Animals have developed remarkable senses to help them adapt to their environment. Because of these heightened senses, they have become useful to humans, especially when it comes to sensing impending danger for them or guiding those with disabilities.
When it comes to service animals, a dog is the most commonly used, although the use of horses and monkeys has also been documented.
But have you heard of reptiles or pigs used as support animals by people with disabilities or health conditions? Here are some of the most unusual service animals.
#1. Potbellied Pig
The well-behave potbellied pig named Elvis is a blind teen’s service animal. Owner Alisha Doolittle has already taken the pig to a preschool and nursing home.
#2. A slithering snake.
This may make some people cringe but a man actually has a snake for a service animal. Daniel Greene gave his boa constrictor the name, Redrock, and the reptile reportedly “hugs” Greene to signal of an impending seizure.
#3. Bonnet macaque.
Debby Rose from Missouri takes Richard, a bonnet macaque, with her whenever she goes out in public. Rose suffers from agoraphobia and Richard helps her overcome it.
#4. Traveling turkey.
This turkey popped up on Twitter and Instagram after being spotted traveling on a plane. According to the Telegraph, the turkey appears to be well-behaved and good with flights.
#5. Bearded dragon.
Megan Curran suffers from depression and anxiety as a result of heavy bullying from high school. She found her emotional support from a bearded dragon named Chief.
Chief has a badge and he's working.
#6. Miniature horse.
This adorable horse serves as a guide animal for blind woman Ann Edie.
Rebecca Skloot, a writer for the New York Times Magazine, was impressed at the mini horse named Panda. Skloot told SOTT:
"I could sort of envision how a horse could guide a person. But the level at which Panda guides her is amazing. In just a few blocks, I saw her maneuver around things that I, as a person that's sighted, wouldn't have thought of."
Another reptile on the list, Skippy the Iguana offers support to its owner, Cosmie Silfa, when he falls into depression.
#7. A kangaroo
Diana Moyer and her 8-month-old kangaroo, Jimmy, got sent out of McDonald’s because–although she describes Jimmy as a therapy animal–he is not trained.
Yes, this fella right here has also been used as a therapy animal.
Although these different animals have helped their owners in some ways, only dogs are legally considered as support or service animals.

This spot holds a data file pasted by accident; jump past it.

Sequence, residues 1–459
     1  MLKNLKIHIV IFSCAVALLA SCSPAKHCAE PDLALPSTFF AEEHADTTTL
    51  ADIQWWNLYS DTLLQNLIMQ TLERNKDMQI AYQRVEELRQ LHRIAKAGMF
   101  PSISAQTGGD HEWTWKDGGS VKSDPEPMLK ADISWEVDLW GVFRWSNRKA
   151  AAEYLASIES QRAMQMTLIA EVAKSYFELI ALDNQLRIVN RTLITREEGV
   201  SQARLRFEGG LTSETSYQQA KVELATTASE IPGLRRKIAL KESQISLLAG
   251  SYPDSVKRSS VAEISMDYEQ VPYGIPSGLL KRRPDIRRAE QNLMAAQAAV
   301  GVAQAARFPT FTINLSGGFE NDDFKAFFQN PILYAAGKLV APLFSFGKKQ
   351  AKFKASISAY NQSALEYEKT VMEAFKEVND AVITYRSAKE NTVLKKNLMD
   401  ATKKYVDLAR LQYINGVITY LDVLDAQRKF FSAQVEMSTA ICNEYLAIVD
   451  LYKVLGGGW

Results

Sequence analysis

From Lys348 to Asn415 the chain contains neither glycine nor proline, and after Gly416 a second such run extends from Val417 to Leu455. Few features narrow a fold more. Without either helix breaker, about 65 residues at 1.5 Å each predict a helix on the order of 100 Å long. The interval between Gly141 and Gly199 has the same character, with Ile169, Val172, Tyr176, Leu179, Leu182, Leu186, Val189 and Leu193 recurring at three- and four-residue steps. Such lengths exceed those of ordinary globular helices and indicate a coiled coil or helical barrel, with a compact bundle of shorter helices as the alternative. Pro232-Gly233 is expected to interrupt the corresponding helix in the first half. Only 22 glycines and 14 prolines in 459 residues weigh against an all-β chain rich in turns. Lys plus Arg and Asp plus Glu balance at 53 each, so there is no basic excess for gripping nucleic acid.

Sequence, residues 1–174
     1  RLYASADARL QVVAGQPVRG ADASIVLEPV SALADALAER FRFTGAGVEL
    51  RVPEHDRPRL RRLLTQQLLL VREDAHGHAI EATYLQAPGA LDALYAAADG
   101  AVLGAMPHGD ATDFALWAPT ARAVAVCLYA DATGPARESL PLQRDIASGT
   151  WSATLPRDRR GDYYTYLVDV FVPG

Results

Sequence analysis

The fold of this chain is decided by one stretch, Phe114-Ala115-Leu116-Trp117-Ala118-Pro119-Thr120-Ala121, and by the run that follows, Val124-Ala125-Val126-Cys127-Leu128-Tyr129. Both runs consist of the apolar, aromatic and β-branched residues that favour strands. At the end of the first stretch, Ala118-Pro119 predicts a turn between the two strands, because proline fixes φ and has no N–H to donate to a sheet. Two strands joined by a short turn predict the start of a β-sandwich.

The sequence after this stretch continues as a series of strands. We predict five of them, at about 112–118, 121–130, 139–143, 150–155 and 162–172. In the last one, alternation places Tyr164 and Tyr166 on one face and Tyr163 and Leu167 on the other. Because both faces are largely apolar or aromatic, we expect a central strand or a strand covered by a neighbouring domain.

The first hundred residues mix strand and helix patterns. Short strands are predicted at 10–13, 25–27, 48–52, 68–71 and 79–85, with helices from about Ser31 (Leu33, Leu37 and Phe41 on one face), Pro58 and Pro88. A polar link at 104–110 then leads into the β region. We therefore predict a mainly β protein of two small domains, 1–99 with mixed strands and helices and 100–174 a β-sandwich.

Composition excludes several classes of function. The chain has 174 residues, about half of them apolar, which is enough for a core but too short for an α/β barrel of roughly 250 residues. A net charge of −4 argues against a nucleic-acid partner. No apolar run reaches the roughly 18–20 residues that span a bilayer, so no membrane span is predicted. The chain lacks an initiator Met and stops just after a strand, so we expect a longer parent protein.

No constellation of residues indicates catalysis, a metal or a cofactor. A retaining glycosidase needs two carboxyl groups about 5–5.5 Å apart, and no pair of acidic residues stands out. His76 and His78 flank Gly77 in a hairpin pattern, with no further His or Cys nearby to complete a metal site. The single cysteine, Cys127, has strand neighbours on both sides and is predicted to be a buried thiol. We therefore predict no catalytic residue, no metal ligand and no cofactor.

Watch This Brown Bear ‘Chill’ With An Alaskan Guy
What would you do if a wild bear sits and ‘chills’ next to you.
Bears, though popular as stuffed toys, are actually fierce in real life.
People cannot actually hug and cuddle with it in ways kids do with their teddies. No matter how furry and fluffy they look like, truth is, they are ferocious as lions.
However, we were totally left in awe after watching a video of a random bear that came out of nowhere and suddenly decided to hang out with an Alaskan camper.
Hilarious Parrot Has An Evil Laugh Like a Super Villain
Here’s the parrot who became a YouTube celebrity because of its blood-curdling laugh.
"Of all the creatures on Earth, only two can produce human language: humans and birds. Of the few birds that can imitate human speech and sounds — including mynah birds, crows, and ravens — parrots are clearly the best at it," writes Ashley P. Taylor in her Audubon magazine article, "Why do parrots talk?"
Taylor added, "Pet parrots have all the essential conditions for picking up language — time, inspiration, and mental ability."
A YouTube user — who is identified only as Mark G. — decided to showcase such a pet to the rest of the world. His feathered friend's uncanny talent is enough to send a lot of people running. The sound that the parrot makes is reminiscent of a movie villain or some diabolical character who's out to get victims.
Best Job Ever: Woman Hugs Baby Pandas and Gets Paid $32,000
I only have one question – where do I sign up?
The woman in the video below possibly has the coolest job in the world. What does she do for a living, you ask? Well, she works as a caretaker for baby pandas - and she has to hug them often.
Yes, there is such a job and the footage was taken at the China Giant Panda Protection and Research Center located in Ya’an, Sichuan Province.
According to the reports, the caretaker gets paid 200,000 yuan (or $32,000) per year. Other perks include free meals and accommodation along with SUV use.
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